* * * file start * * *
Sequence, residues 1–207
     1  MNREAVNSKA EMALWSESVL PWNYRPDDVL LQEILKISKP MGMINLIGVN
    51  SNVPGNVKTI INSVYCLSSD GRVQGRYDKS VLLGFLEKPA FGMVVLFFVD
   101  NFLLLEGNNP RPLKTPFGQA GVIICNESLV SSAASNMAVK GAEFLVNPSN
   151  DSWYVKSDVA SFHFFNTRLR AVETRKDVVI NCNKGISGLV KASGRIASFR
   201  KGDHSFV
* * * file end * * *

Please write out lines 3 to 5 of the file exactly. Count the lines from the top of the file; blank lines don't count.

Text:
    51  SNVPGNVKTI INSVYCLSSD GRVQGRYDKS VLLGFLEKPA FGMVVLFFVD
   101  NFLLLEGNNP RPLKTPFGQA GVIICNESLV SSAASNMAVK GAEFLVNPSN
   151  DSWYVKSDVA SFHFFNTRLR AVETRKDVVI NCNKGISGLV KASGRIASFR